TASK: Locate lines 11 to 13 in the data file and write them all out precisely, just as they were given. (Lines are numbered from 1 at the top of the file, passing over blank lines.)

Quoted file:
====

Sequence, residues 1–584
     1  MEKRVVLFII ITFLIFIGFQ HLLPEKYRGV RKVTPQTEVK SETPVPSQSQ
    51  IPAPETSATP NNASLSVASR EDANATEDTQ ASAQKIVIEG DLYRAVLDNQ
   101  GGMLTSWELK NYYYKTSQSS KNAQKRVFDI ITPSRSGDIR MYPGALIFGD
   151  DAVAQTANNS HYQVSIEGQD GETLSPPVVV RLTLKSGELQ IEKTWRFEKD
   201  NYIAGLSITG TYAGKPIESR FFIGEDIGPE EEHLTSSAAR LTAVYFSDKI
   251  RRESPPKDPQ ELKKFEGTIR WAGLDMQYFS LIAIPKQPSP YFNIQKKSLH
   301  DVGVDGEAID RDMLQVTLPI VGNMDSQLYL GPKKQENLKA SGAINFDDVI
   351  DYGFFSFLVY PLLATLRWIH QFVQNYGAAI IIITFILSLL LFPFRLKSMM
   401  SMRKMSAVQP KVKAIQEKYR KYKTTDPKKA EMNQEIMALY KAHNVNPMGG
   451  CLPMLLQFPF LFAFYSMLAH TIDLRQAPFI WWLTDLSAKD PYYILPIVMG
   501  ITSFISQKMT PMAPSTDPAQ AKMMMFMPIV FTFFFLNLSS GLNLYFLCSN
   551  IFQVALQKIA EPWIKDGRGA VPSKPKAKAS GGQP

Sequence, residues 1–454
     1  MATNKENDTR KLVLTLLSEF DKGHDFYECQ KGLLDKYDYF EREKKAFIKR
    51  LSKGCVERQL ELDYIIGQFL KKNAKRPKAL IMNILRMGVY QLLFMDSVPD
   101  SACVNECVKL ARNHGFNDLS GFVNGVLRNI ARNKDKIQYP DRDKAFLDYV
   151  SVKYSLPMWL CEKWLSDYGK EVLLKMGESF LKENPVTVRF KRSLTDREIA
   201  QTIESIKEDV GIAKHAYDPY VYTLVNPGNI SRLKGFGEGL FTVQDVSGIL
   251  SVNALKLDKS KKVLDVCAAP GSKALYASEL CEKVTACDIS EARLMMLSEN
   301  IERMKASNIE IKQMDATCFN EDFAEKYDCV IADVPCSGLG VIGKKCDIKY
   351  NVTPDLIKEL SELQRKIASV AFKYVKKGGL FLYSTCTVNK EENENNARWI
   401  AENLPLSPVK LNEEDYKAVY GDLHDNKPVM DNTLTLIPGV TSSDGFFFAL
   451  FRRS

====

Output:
   451  CLPMLLQFPF LFAFYSMLAH TIDLRQAPFI WWLTDLSAKD PYYILPIVMG
   501  ITSFISQKMT PMAPSTDPAQ AKMMMFMPIV FTFFFLNLSS GLNLYFLCSN
   551  IFQVALQKIA EPWIKDGRGA VPSKPKAKAS GGQP